The biological basis of severe tissue damage in the lymphoid system induced by genotype VIId NDV strains is unknown. We hypothesized that dysregulation of host response may play an important role. In this study, our findings demonstrated that two isolates (JS5/05 and JS3/05) of genotype VIId NDV elicited robust innate immune response that was evidenced by upregualtion of IFNs expression compared to genotype IX NDV F48E8 and genotype IV NDV Herts/33. In addition, JS5/05 and JS3/05 also induced enhanced apoptosis and necrosis compared to F48E8 and Herts/33. Virus replication was observed with partial association with virus-induced cell death. Therefore, our in vitro results indicate that dysregulation of host response may contribute to the severe spleen pathology caused by genotype VIId NDV infection.
Host cells mount the cytokine response to prevent infection upon virus invasion. However, overproduction of cytokines may form a cytokine storm to amplify detrimental effect of inflammation on the host . In this study, quantitative analysis of transcription levels of IFN genes showed that JS5/05 and JS3/05 increased expression levels of IFN-α, IFN-β and IFN-γ compared to F48E8 and Herts/33, indicating that genotype VIId NDV strains induce a more potent IFN response (Figure 3). Therefore, strong activation of IFN response may intensify inflammation that causes damages in tissue structures. It is notable that hyperinduction of IFN-γ, a key pro-inflammatory cytokine, may increase synthesis of nitric oxide that has toxic effect on host. IFNs are a family of cytokines that play a central role in innate immunity to viruses. The correlation of JS5/05-induced high levels of IFNs and high virus load may result from the faster virus replication to overcome anti-viral effect of IFNs. Additionally, NDV V protein serves as an antagonist of alpha IFN and contributes to viral virulence . Our data showed that at least at mRNA level, a block of IFN function did not occur during infection with JS5/05 and JS3/05. Perhaps these two isolates can activate many genes that involved in IFN pathway to overwhelm the suppression effect of V protein.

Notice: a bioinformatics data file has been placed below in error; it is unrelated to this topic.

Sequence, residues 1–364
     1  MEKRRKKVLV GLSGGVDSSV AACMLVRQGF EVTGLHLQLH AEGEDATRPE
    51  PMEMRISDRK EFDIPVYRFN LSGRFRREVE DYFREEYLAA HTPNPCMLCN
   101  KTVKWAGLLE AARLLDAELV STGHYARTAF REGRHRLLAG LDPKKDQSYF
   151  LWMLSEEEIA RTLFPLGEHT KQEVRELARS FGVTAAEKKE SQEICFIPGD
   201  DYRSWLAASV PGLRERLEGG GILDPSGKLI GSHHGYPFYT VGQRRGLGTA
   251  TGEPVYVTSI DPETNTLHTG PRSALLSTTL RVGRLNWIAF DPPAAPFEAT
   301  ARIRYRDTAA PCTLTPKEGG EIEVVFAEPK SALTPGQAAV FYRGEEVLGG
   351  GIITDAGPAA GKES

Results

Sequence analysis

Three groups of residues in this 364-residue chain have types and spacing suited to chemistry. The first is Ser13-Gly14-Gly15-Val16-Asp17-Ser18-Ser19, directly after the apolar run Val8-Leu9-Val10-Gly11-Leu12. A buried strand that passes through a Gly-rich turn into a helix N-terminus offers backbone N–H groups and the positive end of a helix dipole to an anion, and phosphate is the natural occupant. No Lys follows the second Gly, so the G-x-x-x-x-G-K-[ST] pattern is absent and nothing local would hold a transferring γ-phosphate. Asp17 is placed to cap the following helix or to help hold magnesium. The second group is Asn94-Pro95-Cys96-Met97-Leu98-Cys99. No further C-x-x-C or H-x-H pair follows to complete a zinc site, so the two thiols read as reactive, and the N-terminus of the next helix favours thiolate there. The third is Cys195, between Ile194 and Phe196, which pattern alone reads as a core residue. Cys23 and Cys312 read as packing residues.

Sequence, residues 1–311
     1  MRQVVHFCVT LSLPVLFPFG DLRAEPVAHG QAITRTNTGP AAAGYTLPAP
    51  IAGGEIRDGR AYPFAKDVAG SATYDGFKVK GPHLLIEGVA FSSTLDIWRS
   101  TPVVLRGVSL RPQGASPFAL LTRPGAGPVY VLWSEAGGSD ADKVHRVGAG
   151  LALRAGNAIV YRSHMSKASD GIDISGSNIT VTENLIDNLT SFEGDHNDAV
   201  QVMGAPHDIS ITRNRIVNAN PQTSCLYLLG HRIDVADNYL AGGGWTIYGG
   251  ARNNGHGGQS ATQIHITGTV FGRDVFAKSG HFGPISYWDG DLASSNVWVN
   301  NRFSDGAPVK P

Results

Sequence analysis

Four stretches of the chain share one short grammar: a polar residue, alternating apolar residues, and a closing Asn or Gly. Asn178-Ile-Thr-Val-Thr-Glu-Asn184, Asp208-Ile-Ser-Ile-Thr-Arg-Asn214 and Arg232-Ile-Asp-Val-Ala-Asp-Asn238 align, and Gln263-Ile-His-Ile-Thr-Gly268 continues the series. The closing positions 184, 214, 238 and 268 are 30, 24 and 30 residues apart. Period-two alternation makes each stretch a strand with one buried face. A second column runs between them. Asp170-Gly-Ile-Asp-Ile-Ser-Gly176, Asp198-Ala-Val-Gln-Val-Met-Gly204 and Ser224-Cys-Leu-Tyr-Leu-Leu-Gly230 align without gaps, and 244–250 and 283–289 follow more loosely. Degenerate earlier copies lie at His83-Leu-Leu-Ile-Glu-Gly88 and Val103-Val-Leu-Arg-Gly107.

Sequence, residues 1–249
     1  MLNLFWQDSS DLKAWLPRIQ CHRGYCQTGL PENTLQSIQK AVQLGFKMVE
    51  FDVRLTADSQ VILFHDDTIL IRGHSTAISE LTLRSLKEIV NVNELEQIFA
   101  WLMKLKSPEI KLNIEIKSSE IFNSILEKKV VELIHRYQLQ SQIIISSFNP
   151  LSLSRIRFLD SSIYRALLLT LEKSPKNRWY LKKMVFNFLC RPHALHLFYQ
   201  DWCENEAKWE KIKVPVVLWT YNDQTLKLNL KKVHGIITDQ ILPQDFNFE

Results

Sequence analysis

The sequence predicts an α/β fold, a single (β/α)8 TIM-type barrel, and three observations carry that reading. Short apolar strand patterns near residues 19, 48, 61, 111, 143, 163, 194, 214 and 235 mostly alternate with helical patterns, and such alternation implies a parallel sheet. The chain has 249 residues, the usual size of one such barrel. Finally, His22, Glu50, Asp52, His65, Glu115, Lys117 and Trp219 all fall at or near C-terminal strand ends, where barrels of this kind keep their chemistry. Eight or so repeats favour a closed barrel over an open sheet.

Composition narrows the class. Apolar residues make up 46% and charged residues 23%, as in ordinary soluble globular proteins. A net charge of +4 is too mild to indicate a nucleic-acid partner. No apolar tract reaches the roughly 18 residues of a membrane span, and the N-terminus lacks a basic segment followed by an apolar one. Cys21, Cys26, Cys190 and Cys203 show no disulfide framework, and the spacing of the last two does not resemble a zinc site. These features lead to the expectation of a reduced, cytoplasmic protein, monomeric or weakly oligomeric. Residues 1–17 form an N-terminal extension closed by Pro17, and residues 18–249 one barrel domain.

In addition to the role in inflammation and anti-virus activity, IFNs also act as key mediators of apoptosis . Many factors involved in IFN signaling pathway, such as IFN regulatory factors (IRFs), protein kinase R (PKR) and 2',5-oligoadenylate/RNaseL system, contribute to apoptosis through different mechanisms. IFNs can also induce the activation of TNF-related apoptosis-inducing ligand (TRAIL) that initiates the death receptor-mediated cell death .